, , , ,

Tammy ShenTammy Shen is a Ph.D. student in the Eshelman School of Pharmacy, Division of Molecular Pharmaceutics, at the University of North Carolina, Chapel Hill.

The increasing sophistication of orally inhaled and nasal drug product (OINDP) formulations and technologies has augmented the need for standardized characterization metrics, more relevant analytical techniques, and improved processing and analysis of the generated data to better predict the clinical and physiological effects of the aerosolized therapeutics. Solid state therapeutic compound and formulation properties such as crystal polymorphisms, surface roughness, electrostatic charging tendencies, and surface energy can alter drug pharmacokinetic and pharmacological properties, and as a result, an understanding of the solid state properties of inhaled drugs is critical.

These physical properties may also significantly affect the aerosol performance and therapeutic index of the drug product. Therefore, proper in vitro analytical testing is essential to progressing an OINDP formulation forward. Compounding the complexity of OINDP development is not only the interplay between the formulation and the delivery platform but also patient variation and a variety of guidance documents on the characterization of these systems. Thus, bioequivalence and statistical approaches towards quality control of OINDPs from both an industry and regulatory perspective must be aligned to better streamline the development and approval process.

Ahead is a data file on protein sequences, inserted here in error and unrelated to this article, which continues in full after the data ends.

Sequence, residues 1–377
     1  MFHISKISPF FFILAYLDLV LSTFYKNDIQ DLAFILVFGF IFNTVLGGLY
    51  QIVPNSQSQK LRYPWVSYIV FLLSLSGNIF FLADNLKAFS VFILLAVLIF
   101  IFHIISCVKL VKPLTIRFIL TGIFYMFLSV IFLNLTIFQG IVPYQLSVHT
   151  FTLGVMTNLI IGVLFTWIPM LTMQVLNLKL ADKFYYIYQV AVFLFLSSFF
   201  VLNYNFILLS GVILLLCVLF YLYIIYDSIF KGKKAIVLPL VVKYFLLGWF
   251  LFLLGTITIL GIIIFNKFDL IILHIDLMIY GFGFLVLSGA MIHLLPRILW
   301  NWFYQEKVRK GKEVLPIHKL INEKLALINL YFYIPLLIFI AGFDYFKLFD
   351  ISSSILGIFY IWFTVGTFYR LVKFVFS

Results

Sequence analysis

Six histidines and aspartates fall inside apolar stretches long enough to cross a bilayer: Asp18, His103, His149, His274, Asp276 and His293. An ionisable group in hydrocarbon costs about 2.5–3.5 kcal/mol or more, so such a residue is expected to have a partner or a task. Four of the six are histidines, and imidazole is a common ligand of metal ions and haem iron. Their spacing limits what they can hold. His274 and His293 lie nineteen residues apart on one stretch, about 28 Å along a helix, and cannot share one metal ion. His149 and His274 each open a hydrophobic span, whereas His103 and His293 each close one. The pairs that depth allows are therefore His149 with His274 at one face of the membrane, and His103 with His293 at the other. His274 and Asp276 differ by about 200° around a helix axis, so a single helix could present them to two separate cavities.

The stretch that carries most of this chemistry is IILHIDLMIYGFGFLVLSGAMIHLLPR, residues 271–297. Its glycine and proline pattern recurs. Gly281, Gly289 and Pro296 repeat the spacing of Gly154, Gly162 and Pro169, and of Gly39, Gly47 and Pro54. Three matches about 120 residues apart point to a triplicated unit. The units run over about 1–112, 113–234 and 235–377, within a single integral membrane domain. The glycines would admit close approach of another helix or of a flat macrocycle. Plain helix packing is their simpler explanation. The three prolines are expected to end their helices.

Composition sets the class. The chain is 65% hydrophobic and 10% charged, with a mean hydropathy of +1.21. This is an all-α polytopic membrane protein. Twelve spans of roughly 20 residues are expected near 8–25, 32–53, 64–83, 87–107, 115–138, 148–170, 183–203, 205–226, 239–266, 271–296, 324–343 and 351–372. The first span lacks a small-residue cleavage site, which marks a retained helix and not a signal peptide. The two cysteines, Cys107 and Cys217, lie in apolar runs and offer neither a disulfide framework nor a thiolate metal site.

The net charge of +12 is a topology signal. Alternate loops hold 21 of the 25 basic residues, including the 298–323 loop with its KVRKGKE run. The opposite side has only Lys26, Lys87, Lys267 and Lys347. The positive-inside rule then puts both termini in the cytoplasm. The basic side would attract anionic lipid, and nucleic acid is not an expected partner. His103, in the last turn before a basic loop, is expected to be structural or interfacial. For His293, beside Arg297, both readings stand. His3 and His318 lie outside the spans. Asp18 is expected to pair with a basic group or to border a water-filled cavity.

To facilitate discussion and provide valuable feedback to industry and academia on the regulatory landscape and pipeline of OINDPs in both the U.S. and international markets, a comprehensive review of current and future formulation and in vitro testing technology as well as perspectives on quality control programs for OINDPs will be presented in the workshop Inhaled Drug Products: Current Practices and the Future of In Vitro Testing Technologies and Regulation, planned for September 9–10 in Rockville, Maryland. The workshop is jointly developed by the AAPS Inhalation and Nasal Technology focus group, the International Pharmaceutical Aerosol Consortium on Regulation and Science, the United States Pharmacopeial Convention, and the Food and Drug Administration.